Joan Brown was an astonishingly prolific artist with a successful career spanning some 30 plus years, up to her tragic death in India in 1990. Both highly individualistic and independent-minded, her work went through a series of dramatic and deeply personal evolutions over the course of her life. As an artist but also as a traveler and student, her views were shaped by an increasingly pluralistic embrace of world cultures and a spirituality which came to pervade her life and work. Though she respected and was inspired by painters such as Goya and Rembrandt, or more modern artists such as Rousseau and Bacon, Brown’s embrace of Eastern philosophies was of equal importance, in particular the teachings of the guru Sathya Sai Baba, of whom she became a devoted follower.
The exhibition begins with a group of enamel on paper paintings made during a trip to Spain in the summer of 1961, what was the first of many trips abroad for Brown. Loose and decadent, they read like a travelogue, documenting the sights in the same brushy strokes of her abstractions at the time. However, unlike those early paintings, these works on paper simply capture the people and places surrounding her, an approach more typical of her mature work. Similarly, her 1963 depiction of her young son in “Noel’s First Christmas” augments the extensive diaries she kept of his early years and is a richly colored and affectionate portrait.
At the core of the exhibition are paintings from 1973 to 1983. All large-scale and executed in enamel on canvas, they show Brown at her most experimental. While they seem radical in relation to the exuberant patterning and saturated color more often associated with her work, the simplified elements in these paintings are in some ways a distillation of Brown’s practice. Her reductivism, of the figure in particular, relates to her training as a swimmer and the principle of efficient movement being the most ‘basic’. Therefore men and women are reduced down to silhouettes and outlines within spaces merely suggested at by a line or two within vast swaths of color. For Brown, this economy also allowed her to better capture gesture or emotion, what she saw to be at the core of what her paintings expressed. Yet there is also a parallel to her life-long interest in Egyptian art and iconography, where like pictographs, her simplified renderings become an alternative visual language. By eschewing extraneous details, her late paintings turn simplicity into a spiritual gesture.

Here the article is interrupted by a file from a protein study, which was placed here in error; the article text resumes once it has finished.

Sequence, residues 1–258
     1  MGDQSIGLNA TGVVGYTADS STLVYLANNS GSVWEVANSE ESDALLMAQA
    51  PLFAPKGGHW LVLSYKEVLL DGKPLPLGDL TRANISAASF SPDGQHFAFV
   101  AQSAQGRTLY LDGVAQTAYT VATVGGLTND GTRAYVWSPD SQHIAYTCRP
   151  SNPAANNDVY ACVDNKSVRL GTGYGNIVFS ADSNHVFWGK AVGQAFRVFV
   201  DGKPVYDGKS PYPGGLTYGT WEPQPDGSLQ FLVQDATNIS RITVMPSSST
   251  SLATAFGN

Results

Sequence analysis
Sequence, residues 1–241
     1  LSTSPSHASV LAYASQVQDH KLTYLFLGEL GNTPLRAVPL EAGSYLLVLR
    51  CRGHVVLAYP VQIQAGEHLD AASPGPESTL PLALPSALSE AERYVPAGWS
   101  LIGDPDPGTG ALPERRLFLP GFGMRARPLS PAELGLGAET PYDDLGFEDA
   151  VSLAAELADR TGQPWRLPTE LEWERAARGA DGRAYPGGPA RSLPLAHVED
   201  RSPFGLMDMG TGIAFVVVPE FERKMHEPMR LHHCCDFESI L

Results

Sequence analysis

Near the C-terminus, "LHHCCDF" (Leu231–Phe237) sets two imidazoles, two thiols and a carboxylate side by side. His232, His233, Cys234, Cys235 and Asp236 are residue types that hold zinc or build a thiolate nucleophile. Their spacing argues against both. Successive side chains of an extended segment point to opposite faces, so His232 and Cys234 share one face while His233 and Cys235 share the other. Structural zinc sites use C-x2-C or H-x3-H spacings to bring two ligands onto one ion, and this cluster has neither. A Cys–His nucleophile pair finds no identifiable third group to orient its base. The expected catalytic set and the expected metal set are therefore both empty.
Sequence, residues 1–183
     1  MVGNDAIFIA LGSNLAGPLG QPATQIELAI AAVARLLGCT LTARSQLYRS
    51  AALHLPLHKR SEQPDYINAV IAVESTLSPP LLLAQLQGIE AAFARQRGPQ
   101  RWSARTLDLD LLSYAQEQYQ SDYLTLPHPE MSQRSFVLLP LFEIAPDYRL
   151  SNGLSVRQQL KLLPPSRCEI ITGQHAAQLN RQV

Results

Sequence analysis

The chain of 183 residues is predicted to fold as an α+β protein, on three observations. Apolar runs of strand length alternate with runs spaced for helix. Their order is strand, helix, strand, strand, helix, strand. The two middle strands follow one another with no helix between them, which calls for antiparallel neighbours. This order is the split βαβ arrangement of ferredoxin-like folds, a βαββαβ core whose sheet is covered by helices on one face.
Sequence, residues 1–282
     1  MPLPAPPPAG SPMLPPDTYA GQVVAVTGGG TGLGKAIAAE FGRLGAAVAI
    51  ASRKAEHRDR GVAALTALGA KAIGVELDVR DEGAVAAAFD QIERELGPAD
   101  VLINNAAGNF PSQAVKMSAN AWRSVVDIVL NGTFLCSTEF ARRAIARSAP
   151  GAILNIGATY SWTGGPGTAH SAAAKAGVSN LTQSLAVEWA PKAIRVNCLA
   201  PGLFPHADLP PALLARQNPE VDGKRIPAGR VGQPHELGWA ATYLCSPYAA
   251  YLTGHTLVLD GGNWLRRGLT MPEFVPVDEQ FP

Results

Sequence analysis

Throughout her career, Joan Brown’s philosophical and spiritual interests in world cultures and religions grew. Brown’s fascination with ancient civilizations, such as Egypt and Greece, began early in life, when as a child she spent time in the local library reading about Egyptian hieroglyphs, the pyramids, and obelisks. Fueled by her intense studies of spiritual texts and her travels abroad beginning in 1977, Brown began filling her canvases with icons, symbols, mystical emblems, and hieroglyphs. Critics received these newer works, produced in the 1980s, with lukewarm enthusiasm, which only enhanced the artist’s disdain for the art market and what she believed to be the commercialization of the art world.